Un­der­stand­ing ADHD

Gloucestershire Echo - - HEALTH & LIFESTYLE - WITH DR ELLIE MILBY Dr Ellie Milby is a coun­selling psy­chol­o­gist

ge­net­ics and brain struc­ture are thought to play a role. For ex­am­ple, ADHD can run in fam­i­lies and some re­search has shown that cer­tain ar­eas of the brain may be a dif­fer­ent size in peo­ple with ADHD.

Stud­ies have also shown that be­ing born pre­ma­turely, hav­ing epilepsy or sus­tain­ing a brain in­jury can also in­crease the risk of de­vel­op­ing ADHD.

In terms of treat­ment, medication, ther­apy or a com­bi­na­tion of both can help. Med­i­ca­tions aren’t a per­ma­nent cure but for some peo­ple can help re­duce symptoms, mak­ing it eas­ier to con­cen­trate and feel calmer.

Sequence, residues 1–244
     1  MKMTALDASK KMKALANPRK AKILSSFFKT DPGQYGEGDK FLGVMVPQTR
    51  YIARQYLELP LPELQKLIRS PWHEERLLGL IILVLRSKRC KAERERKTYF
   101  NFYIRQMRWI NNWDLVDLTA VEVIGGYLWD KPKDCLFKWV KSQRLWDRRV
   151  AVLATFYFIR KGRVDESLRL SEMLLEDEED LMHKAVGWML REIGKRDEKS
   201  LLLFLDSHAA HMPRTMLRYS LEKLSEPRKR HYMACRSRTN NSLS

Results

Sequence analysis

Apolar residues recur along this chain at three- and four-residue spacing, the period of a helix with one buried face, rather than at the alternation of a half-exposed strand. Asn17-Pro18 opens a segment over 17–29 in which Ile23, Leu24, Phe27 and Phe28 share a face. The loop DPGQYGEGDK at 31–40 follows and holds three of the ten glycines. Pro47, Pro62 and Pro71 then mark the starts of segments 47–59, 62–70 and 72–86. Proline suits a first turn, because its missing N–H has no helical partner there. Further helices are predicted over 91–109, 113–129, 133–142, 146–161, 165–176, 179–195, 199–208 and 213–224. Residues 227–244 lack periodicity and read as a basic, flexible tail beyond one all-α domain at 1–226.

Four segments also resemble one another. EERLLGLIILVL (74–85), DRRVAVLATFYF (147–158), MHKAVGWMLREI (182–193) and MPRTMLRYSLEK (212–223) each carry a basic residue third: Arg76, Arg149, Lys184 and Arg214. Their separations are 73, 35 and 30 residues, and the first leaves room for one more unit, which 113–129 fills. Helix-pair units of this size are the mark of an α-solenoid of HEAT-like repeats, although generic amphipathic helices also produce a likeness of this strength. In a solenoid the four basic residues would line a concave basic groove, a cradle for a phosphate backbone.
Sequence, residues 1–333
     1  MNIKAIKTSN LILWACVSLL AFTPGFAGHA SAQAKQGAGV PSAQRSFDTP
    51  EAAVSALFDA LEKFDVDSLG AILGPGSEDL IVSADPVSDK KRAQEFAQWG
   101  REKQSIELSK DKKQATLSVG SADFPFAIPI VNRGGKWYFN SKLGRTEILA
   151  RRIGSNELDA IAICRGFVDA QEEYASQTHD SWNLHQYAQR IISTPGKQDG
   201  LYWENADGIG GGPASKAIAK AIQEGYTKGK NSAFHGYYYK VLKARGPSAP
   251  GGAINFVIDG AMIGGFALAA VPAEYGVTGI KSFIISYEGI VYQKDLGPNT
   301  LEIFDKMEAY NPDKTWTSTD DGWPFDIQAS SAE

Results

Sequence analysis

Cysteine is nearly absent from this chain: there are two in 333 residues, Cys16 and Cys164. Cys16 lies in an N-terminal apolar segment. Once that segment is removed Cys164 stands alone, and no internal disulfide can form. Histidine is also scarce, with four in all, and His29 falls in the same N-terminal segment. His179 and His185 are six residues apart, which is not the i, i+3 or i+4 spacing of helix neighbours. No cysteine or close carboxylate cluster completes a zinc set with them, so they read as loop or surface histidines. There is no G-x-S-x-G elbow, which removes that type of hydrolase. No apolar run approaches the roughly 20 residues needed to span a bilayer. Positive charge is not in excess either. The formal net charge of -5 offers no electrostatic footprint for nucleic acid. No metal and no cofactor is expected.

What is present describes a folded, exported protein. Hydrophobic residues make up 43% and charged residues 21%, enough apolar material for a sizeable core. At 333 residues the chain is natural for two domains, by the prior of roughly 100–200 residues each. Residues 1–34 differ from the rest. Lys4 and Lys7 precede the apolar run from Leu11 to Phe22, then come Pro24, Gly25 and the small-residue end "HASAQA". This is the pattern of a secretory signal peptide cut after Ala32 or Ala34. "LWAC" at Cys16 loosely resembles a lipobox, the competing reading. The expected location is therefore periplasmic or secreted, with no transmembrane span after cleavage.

Talk­ing ther­a­pies can also help chil­dren with ADHD and their fam­i­lies to un­der­stand the con­di­tion, learn ways of manag­ing chal­leng­ing be­hav­iours and man­age the worry and stress that liv­ing with ADHD can cause.

Un­for­tu­nately, a lack of un­der­stand­ing of the con­di­tion means that chil­dren with ADHD are of­ten la­belled as dis­rup­tive and naughty and pun­ished or os­tracised rather than re­ceiv­ing the ad­di­tional sup­port they need. Liv­ing with ADHD can be hard at times for both chil­dren and their fam­i­lies but en­cour­ag­ing un­der­stand­ing of the con­di­tion, ac­cess­ing local sup­port ser­vices and con­nect­ing with other peo­ple who are hav­ing sim­i­lar ex­pe­ri­ences can all help.

For more in­for­ma­tion, advice and sup­port you can visit the Na­tional At­ten­tion Deficit Dis­or­der Sup­port Ser­vice web­site at ad­diss.co.uk

Young­sters with ADHD may strug­gle to con­cen­trate

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